7 Things You Should Know If You’re Dating Someone With Anxiety. It’s Not Easy.
Just recently, model and actor Milind Soman’s wife Ankita Konwar opened up about her struggle with mental health problems. While all of us feel for her, have you ever thought about how her partner worked things out with her and dealt with her mental health issues. As a husband or partner, being with the one we love (in sickness and in health) is important. Mental health problems often tend to test our patience and our relationships but romantic relationships are the ones with maximum intimacy and that’s probably why our romantic partners are often affected by our mental health problems. I’ve personally dealt with anxiety and I know how it feels to struggle with it but dating someone with anxiety can be much tougher. I remember the days when my partner would find it difficult to understand my emotions and struggle with anger because he couldn’t help me. More importantly, my partner would often feel like a ‘failure’ for not being able to help me ‘fix’ it.
So, it would be safe to say that being in a relationship with someone who has an anxiety disorder can be extremely stressful. And no one really teaches us how to date people with anxiety and depression but at the same time, someone’s mental health should not really be a dealbreaker if you truly love that person. This is why it is important to understand and educate yourself enough to be able to date someone with anxiety. Since you’re here reading this, you’re already on the path to connecting deeply with your partner and understanding their mental health.
Here are 7 things you should know if you’re dating someone with anxiety:
1. Educate yourself about anxiety and everything that comes with it. Find out everything there is to know about anxiety disorders, speak to an expert. Once you understand this condition, it will be easier for you to be more empathic towards your partner and help you deal with them, their emotions and their condition in an effective manner.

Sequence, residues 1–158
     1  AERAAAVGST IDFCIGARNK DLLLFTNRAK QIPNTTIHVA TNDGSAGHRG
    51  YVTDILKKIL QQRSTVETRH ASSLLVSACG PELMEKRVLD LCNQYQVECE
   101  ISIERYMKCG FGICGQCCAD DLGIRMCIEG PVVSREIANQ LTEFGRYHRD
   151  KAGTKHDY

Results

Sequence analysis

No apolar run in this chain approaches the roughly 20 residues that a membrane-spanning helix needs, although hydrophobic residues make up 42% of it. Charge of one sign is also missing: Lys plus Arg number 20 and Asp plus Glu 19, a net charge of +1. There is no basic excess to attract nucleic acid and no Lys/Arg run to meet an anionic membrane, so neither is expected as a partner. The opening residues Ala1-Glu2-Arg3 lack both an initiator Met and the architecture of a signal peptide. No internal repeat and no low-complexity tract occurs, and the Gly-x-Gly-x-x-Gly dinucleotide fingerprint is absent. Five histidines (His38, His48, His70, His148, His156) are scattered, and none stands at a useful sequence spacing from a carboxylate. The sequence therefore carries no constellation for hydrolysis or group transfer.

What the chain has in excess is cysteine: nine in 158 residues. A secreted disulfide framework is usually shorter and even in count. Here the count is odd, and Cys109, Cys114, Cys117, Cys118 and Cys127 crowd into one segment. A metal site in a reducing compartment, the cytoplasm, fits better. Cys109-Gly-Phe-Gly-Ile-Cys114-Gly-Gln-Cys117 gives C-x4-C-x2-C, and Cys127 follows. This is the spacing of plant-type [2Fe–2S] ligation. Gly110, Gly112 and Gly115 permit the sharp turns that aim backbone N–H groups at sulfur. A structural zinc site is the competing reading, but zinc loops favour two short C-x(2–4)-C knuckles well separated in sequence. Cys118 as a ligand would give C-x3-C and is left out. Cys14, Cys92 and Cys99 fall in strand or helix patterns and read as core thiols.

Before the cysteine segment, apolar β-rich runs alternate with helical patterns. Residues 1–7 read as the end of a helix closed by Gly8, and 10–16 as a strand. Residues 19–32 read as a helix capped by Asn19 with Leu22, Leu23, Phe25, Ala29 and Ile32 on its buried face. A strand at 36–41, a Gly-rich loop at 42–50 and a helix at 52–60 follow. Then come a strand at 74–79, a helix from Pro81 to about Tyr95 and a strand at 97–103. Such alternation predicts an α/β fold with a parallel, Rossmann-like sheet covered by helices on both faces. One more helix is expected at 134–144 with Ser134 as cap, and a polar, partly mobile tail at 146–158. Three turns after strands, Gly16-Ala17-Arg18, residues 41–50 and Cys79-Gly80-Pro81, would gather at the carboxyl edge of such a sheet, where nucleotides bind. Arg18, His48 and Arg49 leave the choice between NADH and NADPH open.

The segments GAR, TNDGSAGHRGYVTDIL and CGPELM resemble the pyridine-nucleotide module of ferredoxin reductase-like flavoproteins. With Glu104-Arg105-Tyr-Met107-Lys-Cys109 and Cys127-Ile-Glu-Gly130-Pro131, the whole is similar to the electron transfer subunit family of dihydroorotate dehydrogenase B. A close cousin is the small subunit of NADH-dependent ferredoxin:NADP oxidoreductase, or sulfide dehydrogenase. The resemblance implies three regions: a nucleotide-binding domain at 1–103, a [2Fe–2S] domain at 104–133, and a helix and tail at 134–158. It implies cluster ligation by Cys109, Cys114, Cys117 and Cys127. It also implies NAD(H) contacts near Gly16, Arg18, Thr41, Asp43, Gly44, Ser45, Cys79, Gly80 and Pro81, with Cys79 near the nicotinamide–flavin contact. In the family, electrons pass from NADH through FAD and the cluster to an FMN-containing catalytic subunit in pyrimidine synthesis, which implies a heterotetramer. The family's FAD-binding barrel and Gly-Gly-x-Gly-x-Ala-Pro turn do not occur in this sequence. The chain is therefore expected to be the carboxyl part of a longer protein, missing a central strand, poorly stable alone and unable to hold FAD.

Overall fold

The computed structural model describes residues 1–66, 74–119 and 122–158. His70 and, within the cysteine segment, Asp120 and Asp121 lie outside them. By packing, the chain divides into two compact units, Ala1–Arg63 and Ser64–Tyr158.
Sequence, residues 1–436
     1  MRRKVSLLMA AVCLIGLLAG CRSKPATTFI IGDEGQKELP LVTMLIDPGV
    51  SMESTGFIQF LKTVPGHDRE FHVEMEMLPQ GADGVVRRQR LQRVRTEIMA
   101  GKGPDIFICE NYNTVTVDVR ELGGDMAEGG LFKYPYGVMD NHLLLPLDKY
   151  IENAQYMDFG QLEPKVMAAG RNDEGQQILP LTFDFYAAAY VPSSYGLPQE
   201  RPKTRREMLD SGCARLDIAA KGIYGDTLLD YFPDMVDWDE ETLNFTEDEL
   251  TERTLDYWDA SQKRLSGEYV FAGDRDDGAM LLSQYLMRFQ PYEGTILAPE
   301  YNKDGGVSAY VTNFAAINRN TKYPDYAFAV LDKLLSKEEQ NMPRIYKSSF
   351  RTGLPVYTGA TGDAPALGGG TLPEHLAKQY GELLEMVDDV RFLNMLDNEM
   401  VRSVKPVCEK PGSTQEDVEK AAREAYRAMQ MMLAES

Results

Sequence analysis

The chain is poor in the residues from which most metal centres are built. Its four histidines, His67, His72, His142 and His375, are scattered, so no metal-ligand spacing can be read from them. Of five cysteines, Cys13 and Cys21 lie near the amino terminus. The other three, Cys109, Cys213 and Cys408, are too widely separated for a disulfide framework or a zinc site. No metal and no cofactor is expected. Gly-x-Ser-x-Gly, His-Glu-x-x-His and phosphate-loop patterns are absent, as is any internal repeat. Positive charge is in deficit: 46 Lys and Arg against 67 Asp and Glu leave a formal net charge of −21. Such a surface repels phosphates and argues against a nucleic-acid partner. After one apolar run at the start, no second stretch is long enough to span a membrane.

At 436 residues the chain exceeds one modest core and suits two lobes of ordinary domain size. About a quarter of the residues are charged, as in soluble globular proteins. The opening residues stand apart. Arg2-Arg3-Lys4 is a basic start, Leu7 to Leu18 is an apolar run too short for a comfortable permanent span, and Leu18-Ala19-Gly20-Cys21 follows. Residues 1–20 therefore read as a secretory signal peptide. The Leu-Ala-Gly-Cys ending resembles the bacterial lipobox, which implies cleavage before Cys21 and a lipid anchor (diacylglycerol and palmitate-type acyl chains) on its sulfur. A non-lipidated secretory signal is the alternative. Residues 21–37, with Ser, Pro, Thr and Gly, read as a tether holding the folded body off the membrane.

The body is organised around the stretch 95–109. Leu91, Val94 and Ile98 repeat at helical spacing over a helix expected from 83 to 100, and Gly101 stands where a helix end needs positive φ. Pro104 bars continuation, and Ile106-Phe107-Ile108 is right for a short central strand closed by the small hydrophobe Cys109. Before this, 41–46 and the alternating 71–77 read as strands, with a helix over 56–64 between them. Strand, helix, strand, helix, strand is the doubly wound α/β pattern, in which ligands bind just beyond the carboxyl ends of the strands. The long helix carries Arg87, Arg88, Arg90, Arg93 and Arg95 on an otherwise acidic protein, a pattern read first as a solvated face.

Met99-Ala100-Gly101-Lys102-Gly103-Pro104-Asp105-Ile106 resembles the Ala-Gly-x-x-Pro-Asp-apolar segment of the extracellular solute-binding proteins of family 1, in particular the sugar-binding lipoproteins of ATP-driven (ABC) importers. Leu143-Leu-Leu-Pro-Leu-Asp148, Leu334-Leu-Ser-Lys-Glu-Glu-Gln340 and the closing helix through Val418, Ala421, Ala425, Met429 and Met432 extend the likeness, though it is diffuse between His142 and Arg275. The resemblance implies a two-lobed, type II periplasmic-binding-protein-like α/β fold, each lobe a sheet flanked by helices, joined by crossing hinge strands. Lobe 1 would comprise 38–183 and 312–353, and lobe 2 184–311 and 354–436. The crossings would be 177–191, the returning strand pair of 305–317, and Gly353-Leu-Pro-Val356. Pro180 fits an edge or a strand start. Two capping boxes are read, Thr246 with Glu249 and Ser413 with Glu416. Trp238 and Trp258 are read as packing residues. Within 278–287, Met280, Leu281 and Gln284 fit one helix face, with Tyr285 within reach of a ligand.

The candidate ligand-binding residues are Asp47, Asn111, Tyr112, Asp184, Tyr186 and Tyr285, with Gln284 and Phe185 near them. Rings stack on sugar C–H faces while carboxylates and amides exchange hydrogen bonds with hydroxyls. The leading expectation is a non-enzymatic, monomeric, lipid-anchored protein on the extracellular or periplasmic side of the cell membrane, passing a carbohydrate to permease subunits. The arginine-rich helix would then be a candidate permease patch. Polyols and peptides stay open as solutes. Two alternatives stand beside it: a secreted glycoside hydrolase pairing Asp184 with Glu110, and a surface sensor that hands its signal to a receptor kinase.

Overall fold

2. Be a good listener to your partner. Talk to them about their anxiety disorder and listen to them as they explain their thoughts and feelings to you. Be responsive but don’t cut them off. Being heard can make them feel comfortable enough to reach out to you when they need you. It also makes them feel loved in general. But always remember to keep an open mind when listening to your partner.
Also Read: Ankita Konwar Opens Up About Her Struggle With Anxiety And Days “Where Everything Isn’t Fine”
3. Find out their triggers. Speak to your partner and ask them about their triggers. Understanding what triggers anxiety in your partner can help you solve half of the problems in your life and relationship. While helping your partner and being sensitive towards them and their triggers is essential but understand that it is not practical to think that it’s your responsibility to protect your partner from all their triggers.
4. If your partner has not sought professional help yet, a great way to begin would be by encouraging them to seek help and being by their side as they do so. But remember that it has to be baby steps. Do not try to rush things with someone who has anxiety because trust me, it won’t end well.Pexels
5. Understand that their anxiety is not about you or the relationship. Do not take it personally. They may come across as insecure or distrustful but understand that their anxiety is deeply rooted and triggered by something else. Apart from this, never blame them for their mental health issues. Your partner did not ask for it.
6. Your partner may often feel overwhelmed due to their anxiety and while it may seem irrational to you, pointing out their behaviour or asking them to calm down will only make things worse. When your partner is spiralling due to anxiety, try to help them through it instead of fueling the fire. Stay calm and help them with grounding techniques that work for them. Make them feel validated and hear them out.
7. Remember that you are not responsible for their anxiety and you are not a professional. Do not try to be your partner’s therapist.
8. While you show so much empathy towards your partner, remember to do the same thing for yourself. Understand and address your feelings for your partner’s anxiety and practice some self-care and self-love too. You cannot help someone else when you are not in a good shape yourself.